After a multidisciplinary assessment, the decision was taken to close the defect percutaneously, due to the liver failure and the patient's poor clinical status. Defect anatomy was defined by transesophageal echocardiography (TEE) and left-atrium angiography (Figure 1B and C and videos 1 and 2 of the supplementary data). The size of the coronary sinus ostium defect (in the inferoposterior region of the interatrial septum) was measured by angiography and 3D TEE (Figure 1D and video 3 of the supplementary data). The maximum initial diameter was 17-18mm, and the stop-flow diameter determined by fluoroscopy and TEE was 20-21mm. The device selected for the procedure was a 21mm Figulla-Flex II ASD occluder (FFO, Occlutech GmbH; Jena, Germany), which was advanced through a long sheath to the left atrium. The left disc was opened in the left atrium, the device waist was positioned in the coronary sinus ostium, the right disc was opened in the right atrium, and the device was released without incident. Nevertheless, some minutes later, the device migrated to the left ventricle and was retrieved by retrograde capture from the femoral artery. The atrial defect subsequently measured 23-24mm on TEE, with the increase possibly due to the passage of the device through the defect and the rigid guidewire used for the second implant. For the second attempt, a 27mm Figulla-Flex II device was selected and was released without subsequent events (Figure 2A-D and videos 4-6 of the supplementary data).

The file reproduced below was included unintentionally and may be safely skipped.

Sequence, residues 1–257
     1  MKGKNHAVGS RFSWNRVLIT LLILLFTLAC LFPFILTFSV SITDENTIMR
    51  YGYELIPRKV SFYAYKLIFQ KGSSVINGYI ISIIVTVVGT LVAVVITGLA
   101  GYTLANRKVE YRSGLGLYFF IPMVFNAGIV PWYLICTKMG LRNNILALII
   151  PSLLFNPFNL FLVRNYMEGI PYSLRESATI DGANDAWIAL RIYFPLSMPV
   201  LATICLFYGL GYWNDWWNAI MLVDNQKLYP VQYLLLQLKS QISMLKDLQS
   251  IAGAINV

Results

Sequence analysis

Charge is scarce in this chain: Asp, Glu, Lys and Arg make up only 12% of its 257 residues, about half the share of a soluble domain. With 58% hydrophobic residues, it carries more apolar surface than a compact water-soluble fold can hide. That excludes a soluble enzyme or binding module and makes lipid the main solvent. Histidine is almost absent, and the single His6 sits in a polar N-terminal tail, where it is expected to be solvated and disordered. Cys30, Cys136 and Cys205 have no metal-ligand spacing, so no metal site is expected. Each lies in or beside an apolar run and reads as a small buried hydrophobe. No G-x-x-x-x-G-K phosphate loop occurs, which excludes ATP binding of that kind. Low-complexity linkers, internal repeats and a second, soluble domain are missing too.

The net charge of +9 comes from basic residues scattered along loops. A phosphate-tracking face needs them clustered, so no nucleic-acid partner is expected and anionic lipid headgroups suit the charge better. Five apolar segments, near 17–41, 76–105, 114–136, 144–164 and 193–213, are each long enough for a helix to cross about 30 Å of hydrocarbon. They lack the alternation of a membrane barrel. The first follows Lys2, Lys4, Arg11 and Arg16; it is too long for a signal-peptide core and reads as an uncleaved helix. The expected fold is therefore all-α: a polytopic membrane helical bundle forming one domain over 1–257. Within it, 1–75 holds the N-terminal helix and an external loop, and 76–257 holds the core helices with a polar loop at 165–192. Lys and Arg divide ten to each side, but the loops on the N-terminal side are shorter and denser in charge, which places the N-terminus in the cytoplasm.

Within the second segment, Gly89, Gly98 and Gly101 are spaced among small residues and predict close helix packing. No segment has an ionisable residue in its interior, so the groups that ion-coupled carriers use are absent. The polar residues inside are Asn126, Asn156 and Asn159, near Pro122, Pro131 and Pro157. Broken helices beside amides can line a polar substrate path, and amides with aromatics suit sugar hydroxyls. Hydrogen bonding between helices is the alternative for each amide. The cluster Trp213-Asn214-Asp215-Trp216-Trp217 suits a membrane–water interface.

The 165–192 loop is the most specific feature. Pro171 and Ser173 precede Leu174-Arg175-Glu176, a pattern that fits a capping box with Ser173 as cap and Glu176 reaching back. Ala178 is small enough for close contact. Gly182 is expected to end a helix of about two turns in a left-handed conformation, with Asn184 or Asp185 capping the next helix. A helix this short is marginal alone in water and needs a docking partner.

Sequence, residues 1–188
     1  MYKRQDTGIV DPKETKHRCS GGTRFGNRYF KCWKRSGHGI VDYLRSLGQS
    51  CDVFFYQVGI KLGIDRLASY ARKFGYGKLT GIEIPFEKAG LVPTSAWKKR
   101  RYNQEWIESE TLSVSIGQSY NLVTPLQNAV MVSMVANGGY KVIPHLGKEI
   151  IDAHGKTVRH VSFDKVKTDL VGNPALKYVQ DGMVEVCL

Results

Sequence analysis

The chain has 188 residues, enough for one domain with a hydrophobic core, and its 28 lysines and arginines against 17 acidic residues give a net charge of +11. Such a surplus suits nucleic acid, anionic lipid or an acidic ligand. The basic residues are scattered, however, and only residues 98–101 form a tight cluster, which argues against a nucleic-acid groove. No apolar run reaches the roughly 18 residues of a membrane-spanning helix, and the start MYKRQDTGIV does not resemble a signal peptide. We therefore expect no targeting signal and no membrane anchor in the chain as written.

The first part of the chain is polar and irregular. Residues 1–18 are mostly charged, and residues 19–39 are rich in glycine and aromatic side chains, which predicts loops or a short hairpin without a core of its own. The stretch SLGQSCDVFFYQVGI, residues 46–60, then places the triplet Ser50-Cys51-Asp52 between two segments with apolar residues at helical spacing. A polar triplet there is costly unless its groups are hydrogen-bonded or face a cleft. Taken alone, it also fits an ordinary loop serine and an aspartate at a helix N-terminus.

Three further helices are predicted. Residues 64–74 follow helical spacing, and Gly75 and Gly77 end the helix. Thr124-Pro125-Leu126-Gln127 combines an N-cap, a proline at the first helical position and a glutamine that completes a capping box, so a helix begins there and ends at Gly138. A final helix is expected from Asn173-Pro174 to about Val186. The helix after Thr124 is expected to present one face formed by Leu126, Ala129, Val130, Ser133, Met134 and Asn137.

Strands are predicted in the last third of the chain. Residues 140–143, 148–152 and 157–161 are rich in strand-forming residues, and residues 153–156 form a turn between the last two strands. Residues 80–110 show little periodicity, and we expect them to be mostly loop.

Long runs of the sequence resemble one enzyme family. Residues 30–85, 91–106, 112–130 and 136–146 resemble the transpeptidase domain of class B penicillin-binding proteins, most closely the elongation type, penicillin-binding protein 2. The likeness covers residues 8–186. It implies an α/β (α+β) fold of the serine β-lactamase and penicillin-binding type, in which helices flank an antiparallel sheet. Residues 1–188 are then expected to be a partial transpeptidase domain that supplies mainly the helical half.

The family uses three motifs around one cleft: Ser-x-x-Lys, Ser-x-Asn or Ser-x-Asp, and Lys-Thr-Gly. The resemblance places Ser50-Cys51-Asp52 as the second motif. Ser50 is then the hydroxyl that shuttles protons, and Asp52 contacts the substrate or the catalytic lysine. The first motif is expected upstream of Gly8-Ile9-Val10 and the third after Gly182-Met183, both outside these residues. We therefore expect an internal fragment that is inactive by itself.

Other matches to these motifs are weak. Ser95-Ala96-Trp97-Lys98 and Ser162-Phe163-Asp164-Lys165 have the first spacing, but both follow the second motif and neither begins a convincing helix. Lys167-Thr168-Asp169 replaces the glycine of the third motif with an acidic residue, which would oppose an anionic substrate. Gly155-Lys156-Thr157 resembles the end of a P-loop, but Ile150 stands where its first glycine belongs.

Figure 2.

A, Fluoroscopy in the left anterior oblique view. B, 2D transesophageal echocardiography, 4-chamber view; the device can be seen occluding the coronary sinus ostium. C, color Doppler transthoracic echocardiography in 4-chamber view, showing the absence of transatrial shunting. D, 3D transesophageal echocardiography in the superoanterior view. IAS, interatrial septum; LA, left atrium; LV, left ventricle; MV, mitral valve; RA, right atrium; RV, right ventricle; TIPS, transjugular portosystemic shunt; TV, tricuspid valve.


We detected no interference with the atrioventricular valves, and the patient maintained sinus rhythm. The device eliminated the left-to-right transatrial shunt, and the coronary veins continued to drain into the left atrium (the coronary sinus remained unroofed). The right ventricular enlargement gradually regressed during follow-up, and the device remained in the correct position after 6 months.

Unroofed coronary sinus accounts for less than 1% of ASDs.1 The condition can occur alone or together with other cardiac defects such as persistent left superior vena cava (LSVC), tricuspid atresia, and some forms of heterotaxy.1–5